under the name of Harrise or as a selling agent for Harrise, of small bottles of perfumery upon display cards. Both the cards and the labels on the bottles featured the Coty name and trademark. It does appear on the cards and on the labels that the products are advertised only as "blended with" Coty's product. The bill avers, however, that the contents were spurious and that the suggestion that they have any characteristics of Coty's product is misleading and fraudulent. There is also a general allegation that the defendant sold other products in a manner to compete unfairly with Coty and infringe its trademark rights.
After a hearing at which the defendant Willingmyre did not appear, a preliminary injunction issued against him November 29, 1935. The injunction restrained him from selling any perfume bearing the plaintiff's trademark which "are not completely genuine products of plaintiff as produced by plaintiff in their identical form and in the manner packaged and/or distributed by plaintiff;" also from "in any manner refilling, rebottling and/or bottling any perfume, toilet water, or other product of the plaintiff."
Passing over various intermediate steps not necessary to detail here, on February 15, 1940, the plaintiff filed a supplemental bill, in pursuance of a stipulation of counsel for both parties (Coty and Willingmyre, a final injunction having issued against Turk), which provided that "plaintiff may file of record the supplemental bill of complaint hereto attached with the same force and effect as if plaintiff had moved for leave to file same and leave had been granted by the Court." An answer was filed on February 20, 1940, and testimony taken. The case is now before the Court for final disposition.
The amended bill charges the defendant with having sold, during the years 1938 and 1939, toilet water and perfume in Coty's original bottles, the contents having been extracted and wholly spurious product having been inserted into them.
Conceding the proposition of law on which the defendant bases a motion to dismiss -- that where the plaintiff has failed to show a case which would have entitled him to any relief whatever under his original bill he may not support a supplemental bill by proof of invasions of his rights of a different nature occurring after the filing of the original bill -- the rule would not be applicable in this case. The relief asked for in the two bills is substantially the same, namely, injunctive process to restrain the defendant from competing unfairly with the plaintiff and infringing its trademarks by selling spurious product in such manner as to induce customers to believe that they are buying Coty's genuine product. The defendant's own testimony, both in the course of the depositions and at the hearing amply support the finding that, prior to the filing of the original bill, he was actively concerned with the sale of the Harrise "blended" Coty products. The advertising and labels in connection with these sales were clearly fraudulent. I would go farther and say that where a product is sold which contains such a small quantity of another competing manufacturer's product that it in no way resembles the original, the name of the original manufacturer may not be featured at all in advertising, even though the defendant says, with a modicum of truth, that his product is only blended with the original.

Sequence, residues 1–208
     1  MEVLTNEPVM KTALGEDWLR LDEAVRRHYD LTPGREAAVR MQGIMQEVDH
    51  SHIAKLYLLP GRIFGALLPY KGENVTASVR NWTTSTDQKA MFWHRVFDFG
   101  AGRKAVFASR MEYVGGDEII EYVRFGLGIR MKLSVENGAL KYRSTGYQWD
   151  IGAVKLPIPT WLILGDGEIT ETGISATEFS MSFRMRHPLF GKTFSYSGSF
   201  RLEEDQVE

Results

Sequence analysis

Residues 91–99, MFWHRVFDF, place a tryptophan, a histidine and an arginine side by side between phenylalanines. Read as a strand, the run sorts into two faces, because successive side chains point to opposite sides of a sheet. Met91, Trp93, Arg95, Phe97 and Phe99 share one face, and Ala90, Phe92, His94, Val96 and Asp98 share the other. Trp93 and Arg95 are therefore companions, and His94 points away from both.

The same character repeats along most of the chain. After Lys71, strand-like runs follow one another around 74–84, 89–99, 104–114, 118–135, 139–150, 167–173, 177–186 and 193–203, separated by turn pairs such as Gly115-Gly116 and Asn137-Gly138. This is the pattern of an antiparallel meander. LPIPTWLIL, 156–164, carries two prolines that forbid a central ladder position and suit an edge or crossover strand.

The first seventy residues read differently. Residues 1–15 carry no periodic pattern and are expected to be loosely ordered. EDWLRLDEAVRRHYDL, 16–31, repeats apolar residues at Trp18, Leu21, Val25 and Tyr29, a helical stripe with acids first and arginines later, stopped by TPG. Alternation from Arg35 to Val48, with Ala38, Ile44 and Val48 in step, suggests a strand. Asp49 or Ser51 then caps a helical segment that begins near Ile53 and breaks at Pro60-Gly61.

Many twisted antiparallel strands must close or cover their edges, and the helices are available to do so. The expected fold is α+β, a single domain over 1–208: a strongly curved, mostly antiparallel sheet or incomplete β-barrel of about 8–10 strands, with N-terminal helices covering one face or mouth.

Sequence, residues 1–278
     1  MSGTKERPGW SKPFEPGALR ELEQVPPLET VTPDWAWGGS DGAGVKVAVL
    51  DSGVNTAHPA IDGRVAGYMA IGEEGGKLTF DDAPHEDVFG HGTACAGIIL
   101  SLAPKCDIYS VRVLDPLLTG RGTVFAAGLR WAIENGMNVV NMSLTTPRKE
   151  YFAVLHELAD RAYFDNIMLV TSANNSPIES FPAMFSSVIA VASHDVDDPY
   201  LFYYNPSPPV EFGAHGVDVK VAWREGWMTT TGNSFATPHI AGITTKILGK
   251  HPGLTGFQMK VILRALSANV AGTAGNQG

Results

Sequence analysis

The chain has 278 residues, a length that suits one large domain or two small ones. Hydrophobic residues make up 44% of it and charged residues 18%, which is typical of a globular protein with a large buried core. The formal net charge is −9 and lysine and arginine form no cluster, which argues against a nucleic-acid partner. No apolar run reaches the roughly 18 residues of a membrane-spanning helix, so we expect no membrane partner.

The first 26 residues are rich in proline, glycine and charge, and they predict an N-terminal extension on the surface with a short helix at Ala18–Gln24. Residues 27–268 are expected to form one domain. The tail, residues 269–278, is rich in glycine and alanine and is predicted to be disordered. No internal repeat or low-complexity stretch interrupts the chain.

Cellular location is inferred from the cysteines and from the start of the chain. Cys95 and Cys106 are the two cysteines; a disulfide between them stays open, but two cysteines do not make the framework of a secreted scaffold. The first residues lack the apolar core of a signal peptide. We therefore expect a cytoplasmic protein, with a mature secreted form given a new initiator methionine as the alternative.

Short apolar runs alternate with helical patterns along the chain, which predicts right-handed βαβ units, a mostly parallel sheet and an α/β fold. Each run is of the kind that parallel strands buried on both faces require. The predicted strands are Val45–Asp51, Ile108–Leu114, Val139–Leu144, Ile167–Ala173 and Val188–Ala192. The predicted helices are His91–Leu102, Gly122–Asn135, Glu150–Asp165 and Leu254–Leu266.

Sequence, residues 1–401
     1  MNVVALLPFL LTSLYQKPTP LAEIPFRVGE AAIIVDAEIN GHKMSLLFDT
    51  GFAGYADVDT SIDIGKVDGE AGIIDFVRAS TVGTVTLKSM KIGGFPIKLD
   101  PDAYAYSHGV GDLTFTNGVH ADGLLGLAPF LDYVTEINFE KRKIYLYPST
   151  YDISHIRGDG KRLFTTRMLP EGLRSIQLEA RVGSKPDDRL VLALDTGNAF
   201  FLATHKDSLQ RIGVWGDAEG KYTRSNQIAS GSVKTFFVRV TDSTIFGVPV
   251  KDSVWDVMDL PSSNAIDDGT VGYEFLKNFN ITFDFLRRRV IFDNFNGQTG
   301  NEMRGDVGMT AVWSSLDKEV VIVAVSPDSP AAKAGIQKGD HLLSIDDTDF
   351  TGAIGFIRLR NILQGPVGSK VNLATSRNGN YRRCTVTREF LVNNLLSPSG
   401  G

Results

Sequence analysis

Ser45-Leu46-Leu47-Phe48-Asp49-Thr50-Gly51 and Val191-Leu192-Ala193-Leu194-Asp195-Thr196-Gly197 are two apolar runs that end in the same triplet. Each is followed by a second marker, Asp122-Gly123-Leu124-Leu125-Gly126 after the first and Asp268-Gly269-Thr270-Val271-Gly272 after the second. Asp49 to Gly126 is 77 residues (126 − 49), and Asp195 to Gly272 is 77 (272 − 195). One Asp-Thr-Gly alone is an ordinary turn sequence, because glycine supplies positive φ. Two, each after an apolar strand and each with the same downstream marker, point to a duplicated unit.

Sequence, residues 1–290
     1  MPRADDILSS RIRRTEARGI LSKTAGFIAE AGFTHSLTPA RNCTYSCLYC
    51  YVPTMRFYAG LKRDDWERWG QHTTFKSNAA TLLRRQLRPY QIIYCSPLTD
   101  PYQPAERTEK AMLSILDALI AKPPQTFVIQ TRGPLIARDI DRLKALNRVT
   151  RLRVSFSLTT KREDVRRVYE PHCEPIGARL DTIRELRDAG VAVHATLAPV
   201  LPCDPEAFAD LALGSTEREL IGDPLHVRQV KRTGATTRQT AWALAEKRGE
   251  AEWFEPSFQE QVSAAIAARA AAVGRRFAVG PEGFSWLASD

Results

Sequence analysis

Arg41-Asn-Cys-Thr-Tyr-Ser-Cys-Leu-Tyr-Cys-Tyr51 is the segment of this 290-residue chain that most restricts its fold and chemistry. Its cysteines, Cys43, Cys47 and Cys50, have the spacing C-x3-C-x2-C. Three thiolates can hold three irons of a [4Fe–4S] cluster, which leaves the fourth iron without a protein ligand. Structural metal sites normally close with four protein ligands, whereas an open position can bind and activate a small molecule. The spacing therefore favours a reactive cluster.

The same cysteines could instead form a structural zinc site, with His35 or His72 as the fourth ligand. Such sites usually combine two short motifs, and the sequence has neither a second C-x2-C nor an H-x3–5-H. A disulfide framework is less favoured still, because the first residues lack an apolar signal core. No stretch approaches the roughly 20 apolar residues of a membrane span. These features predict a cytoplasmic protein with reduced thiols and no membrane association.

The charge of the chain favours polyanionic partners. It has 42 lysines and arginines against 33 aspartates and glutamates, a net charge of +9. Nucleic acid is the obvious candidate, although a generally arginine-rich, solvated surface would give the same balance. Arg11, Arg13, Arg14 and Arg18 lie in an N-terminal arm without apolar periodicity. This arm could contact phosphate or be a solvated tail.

In passing it may be said that I do not regard the stipulation as barring the defendant from raising the question which he now raises, but I hold that, the charge of the original bill having been sustained, the cause of action and relief sought by the supplemental bill is so closely related that, if the rights which the plaintiff seeks to protect have been invaded by acts of the defendant subsequent to the original bill they may be protected by a decree. Consequently the motion to dismiss is denied.
I find as a fact that at various times during 1938 and 1939 the defendant sold to certain investigators employed by the plaintiff original Coty bottles bearing Coty's labels and trademarks, and containing some kind of perfumery which was neither the original perfume contained in the bottle, or any other Coty perfume, nor anything closely resembling the original contents. Specifically I find that such a sale was made in New York City on July 3, 1939.
The defendant was in the business of buying Coty products at wholesale prices, or at the best prices he could get, and rebottling them, selling them in small vials mounted on cards and bearing labels which indicated that they were Coty products, rebottled independently. This much he does not dispute. What he does dispute is that after emptying the original bottles bearing the Coty trademarks and labels, he refilled them with some cheap spurious product and resold them through various undercover channels. However, I am satisfied that the evidence is more than sufficient to establish that he did so.
As to the legitimate part of his business -- the rebottling -- I will adopt the rule prescribed by the Circuit Court of Appeals for this Circuit in Bourjois v. Hermida Laboratories, 106 F.2d 174, and require similar labels and advertising if this part of the business is to be continued.
I will not at the present time pass upon the motion to attach the defendant for contempt.
If the parties desire, requests for fuller findings and conclusions of law may be submitted.
Judgment for the plaintiff in accordance with the foregoing opinion.
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